In recent years, however, there’s been a revival – and this time it has extended to Britain, where Zweig has been championed by the Pushkin Press. It has now brought out Messages From A Lost World, a collection of lectures and articles Zweig produced between 1916 and 1941, translated for the first time by Will Stone. The pieces vary in subject, but mostly reflect on Zweig’s sense of loss for the cosmopolitan, unified Europe of his youth, and his wish to see the borders vanish again. Given this subject matter, and the circumstances of Zweig’s death, it’s easy to see why Pushkin would think this book relevant for our current time, with its rising nationalisms and threat of European disunity.


It is because of this book that the essay The Tower of Babel, forgotten for a century, has seen the light of day once more. It’s not the best piece in the book. Far more interesting is the much later The Historiography of Tomorrow, a lecture given during a tour in the US in early 1939, by which time Zweig had been in exile for five years. In it he explains how, while moving house, he once found an old history book from his schooldays and was taken aback that its chief objective had been to impress upon the pupil the greatness of the Austrian empire in which s/he has been raised. “But twelve hours by rail from Vienna …in France or Italy, the school textbooks were prepared with the directly opposing scenario: God or the spirit of history laboured solely for the Italian or French motherland.” The key dates, he says, are all wars. “It is deeply pessimistic and depressing.”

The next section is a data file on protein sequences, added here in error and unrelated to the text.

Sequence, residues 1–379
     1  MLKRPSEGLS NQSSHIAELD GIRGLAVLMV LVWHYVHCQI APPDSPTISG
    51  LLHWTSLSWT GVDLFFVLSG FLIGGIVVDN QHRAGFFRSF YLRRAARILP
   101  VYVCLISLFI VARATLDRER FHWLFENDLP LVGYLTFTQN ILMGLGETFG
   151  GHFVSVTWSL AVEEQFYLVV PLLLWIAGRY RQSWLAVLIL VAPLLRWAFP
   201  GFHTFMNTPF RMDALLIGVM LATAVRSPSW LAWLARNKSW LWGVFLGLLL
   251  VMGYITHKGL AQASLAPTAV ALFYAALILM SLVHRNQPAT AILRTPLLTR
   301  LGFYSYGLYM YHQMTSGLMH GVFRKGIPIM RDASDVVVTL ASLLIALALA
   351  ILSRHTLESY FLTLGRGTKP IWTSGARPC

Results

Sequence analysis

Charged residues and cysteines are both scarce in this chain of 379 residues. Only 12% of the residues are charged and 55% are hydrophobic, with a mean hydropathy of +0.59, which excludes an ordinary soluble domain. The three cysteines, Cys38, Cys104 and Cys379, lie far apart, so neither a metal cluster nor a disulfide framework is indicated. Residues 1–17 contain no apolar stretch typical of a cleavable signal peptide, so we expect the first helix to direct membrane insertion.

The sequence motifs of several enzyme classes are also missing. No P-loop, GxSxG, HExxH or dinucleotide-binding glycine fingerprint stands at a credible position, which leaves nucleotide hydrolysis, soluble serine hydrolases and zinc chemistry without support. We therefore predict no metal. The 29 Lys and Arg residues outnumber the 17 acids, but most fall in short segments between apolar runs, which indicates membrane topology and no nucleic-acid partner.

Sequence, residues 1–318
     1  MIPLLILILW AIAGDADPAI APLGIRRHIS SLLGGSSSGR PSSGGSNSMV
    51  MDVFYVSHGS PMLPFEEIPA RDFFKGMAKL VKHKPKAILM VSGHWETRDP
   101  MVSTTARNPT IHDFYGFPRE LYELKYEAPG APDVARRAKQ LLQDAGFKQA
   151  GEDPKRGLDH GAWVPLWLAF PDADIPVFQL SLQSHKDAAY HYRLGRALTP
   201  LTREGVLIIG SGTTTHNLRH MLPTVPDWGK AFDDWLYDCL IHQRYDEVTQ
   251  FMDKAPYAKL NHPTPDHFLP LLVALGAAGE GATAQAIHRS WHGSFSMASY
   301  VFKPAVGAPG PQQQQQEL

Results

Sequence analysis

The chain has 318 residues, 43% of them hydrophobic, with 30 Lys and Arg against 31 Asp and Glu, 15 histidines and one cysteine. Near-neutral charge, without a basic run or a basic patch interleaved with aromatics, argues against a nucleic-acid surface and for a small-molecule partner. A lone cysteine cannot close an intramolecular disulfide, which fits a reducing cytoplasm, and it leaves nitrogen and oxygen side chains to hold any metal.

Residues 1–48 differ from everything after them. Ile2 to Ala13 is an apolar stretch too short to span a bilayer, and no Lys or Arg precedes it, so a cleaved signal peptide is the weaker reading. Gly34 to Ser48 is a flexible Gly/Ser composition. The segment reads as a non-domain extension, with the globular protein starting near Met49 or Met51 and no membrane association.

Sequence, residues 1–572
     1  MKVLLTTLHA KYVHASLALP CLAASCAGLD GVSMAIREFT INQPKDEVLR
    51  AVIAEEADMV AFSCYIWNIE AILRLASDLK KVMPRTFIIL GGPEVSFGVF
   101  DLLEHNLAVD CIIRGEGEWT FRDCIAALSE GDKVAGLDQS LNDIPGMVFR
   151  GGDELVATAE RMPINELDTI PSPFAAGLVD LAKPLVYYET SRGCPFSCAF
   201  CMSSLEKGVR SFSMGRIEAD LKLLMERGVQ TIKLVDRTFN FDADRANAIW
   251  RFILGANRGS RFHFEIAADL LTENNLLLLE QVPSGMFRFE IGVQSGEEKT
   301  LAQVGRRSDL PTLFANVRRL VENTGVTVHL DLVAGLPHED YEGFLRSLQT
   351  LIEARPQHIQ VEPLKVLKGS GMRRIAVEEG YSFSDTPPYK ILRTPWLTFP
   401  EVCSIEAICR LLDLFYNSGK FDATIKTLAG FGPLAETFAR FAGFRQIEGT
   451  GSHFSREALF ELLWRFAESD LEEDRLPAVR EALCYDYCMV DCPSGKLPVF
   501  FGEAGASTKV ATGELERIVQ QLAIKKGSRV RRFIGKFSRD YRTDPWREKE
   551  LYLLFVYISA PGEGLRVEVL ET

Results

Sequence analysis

As this lecture progressed, it seems, Zweig argued for a new set of values on which to base the study of history. In a telling passage, he points out that in 1797 Napoleon defeated Austria on Italian soil at Rivoli – but that victory, the type of event lauded in history schoolbooks, has long collapsed into insignificance, whereas in the same year and region Alessandro Volta produced the first feeble spark from his first battery – an event of far greater weight. More important still, Zweig states that: “I still remember the revelation I experienced many years ago, from a book which completely overturned [my] conception of history.” It was, he says, Kropotkin’s Mutual Aid, in which the theory of a struggle for existence is challenged by the notion that evolution is the product of cooperation. I think that is what something like BabelsBook could represent; mutual aid, by which we transcend the mental boundaries that are descending all over Europe.


Stefan Zweig would have approved. It’s hard to have to record that, for him, there was no happy ending. In 1940 he moved to the US and eventually to Brazil, where, despairing of Europe’s future, he committed suicide with his wife in Petrópolis in February 1942 at the age of 60. We can honour his memory by reading and understanding each other’s work, and building anew the Tower of Babel. It has rarely been needed more than it is today.


Mike Robbins is the author of two books of travel memoirs, three books of fiction, and a scientific book on climate change. He has been a journalist, traveller, development worker and climate-change researcher. He blogs on books, science and travel at